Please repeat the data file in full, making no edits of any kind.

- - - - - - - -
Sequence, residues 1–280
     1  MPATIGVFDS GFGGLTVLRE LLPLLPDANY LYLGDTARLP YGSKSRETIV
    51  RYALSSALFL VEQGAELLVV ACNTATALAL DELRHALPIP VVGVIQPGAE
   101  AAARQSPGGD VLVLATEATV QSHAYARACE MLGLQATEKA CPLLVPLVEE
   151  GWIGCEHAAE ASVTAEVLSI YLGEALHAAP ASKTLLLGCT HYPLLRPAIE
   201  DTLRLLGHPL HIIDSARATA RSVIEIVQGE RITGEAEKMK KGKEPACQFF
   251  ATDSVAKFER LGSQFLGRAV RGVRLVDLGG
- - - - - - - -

Sequence, residues 1–280
     1  MPATIGVFDS GFGGLTVLRE LLPLLPDANY LYLGDTARLP YGSKSRETIV
    51  RYALSSALFL VEQGAELLVV ACNTATALAL DELRHALPIP VVGVIQPGAE
   101  AAARQSPGGD VLVLATEATV QSHAYARACE MLGLQATEKA CPLLVPLVEE
   151  GWIGCEHAAE ASVTAEVLSI YLGEALHAAP ASKTLLLGCT HYPLLRPAIE
   201  DTLRLLGHPL HIIDSARATA RSVIEIVQGE RITGEAEKMK KGKEPACQFF
   251  ATDSVAKFER LGSQFLGRAV RGVRLVDLGG